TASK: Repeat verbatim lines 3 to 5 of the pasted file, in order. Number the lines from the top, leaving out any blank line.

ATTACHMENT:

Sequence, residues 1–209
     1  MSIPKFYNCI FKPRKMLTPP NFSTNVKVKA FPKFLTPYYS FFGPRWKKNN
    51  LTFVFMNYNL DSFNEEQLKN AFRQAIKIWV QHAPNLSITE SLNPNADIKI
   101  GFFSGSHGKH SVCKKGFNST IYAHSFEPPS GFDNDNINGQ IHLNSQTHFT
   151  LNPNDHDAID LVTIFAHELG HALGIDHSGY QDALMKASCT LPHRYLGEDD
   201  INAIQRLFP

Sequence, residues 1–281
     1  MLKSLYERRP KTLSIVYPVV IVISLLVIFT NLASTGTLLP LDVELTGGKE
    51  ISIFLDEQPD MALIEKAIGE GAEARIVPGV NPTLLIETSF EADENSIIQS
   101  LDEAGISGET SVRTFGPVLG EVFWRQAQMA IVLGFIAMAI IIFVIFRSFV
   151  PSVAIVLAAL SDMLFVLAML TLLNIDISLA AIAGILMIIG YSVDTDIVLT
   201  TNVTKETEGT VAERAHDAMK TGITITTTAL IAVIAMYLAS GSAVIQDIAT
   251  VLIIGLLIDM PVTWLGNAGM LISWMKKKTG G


    51  LTFVFMNYNL DSFNEEQLKN AFRQAIKIWV QHAPNLSITE SLNPNADIKI
   101  GFFSGSHGKH SVCKKGFNST IYAHSFEPPS GFDNDNINGQ IHLNSQTHFT
   151  LNPNDHDAID LVTIFAHELG HALGIDHSGY QDALMKASCT LPHRYLGEDD